This thesis is a continuation of Bryan Walter’s dissertation work (2013), which analyzed ambient vibration of a tunnel boring machine (TBM) and proved this could be used to detect boulders. This work seeks to characterize vibration of a TBM consistent with boulder impacts. A network of accelerometers was placed on a TBM in Seattle to record the vibration response to tested impacts and machine operation (cutterhead rotation). This network was then secured in place for continuous monitoring during tunneling. The investigation was driven by the development of a boulder detection algorithm that would operate in real time. Other key goals included characterizing response to both known and unknown impacts and frequencies occurring during ambient vibration, which were intended to advance general knowledge of TBM vibration while improving the robustness of the boulder detection algorithm. Several interesting results have been obtained from this study. Vibration is consistently best transferred in the longitudinal direction (along the axis of the TBM). Many high amplitude frequency components exist during ambient vibration, many of which were found proportional to cutterhead rotation rate by Walter (2013). A majority of these frequencies have been matched to mesh frequencies of the planetary gearboxes that drive cutterhead rotation. Knowledge of these high amplitude frequencies has allowed the development of a single boulder detection variable (BDV) which compiles the high amplitude frequencies present during an impact while avoiding the high amplitude frequencies present during ambient vibration. Although this study is limited by lack of ground truth data (where cobbles and boulders are located), the presence of a cobble-heavy soil section in the path of the TBM allowed for calibration of the boulder detection algorithm and more reliable impact detection. No significant trends were found between the magnitude of BDV-detected impacts and the frequency response functions. However, BDV impacts were extremely well correlated to till-like deposits, where many cobbles were found exiting the TBM. No trends were found relating BDV magnitude to cutterhead rotation rate or pressure inside the TBM excavation chamber. Further investigation into ambient vibration is suggested to better characterize the relationships between vibration, operating parameters, and ground conditions, and advanced modeling of TBM components is recommended to bolster general understanding of TBM vibration.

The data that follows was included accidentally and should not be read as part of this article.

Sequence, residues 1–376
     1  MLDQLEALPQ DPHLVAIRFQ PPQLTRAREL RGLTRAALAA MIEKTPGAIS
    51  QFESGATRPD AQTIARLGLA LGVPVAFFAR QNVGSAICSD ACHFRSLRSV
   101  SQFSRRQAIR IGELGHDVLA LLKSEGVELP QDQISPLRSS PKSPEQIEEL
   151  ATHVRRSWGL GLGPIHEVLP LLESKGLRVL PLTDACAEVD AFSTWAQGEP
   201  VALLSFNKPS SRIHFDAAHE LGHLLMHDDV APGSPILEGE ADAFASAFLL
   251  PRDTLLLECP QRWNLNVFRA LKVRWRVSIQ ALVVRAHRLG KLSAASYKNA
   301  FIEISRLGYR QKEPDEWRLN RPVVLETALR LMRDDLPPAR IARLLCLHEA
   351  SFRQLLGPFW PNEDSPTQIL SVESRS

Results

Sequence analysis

Copyright of the original work is retained by the author.
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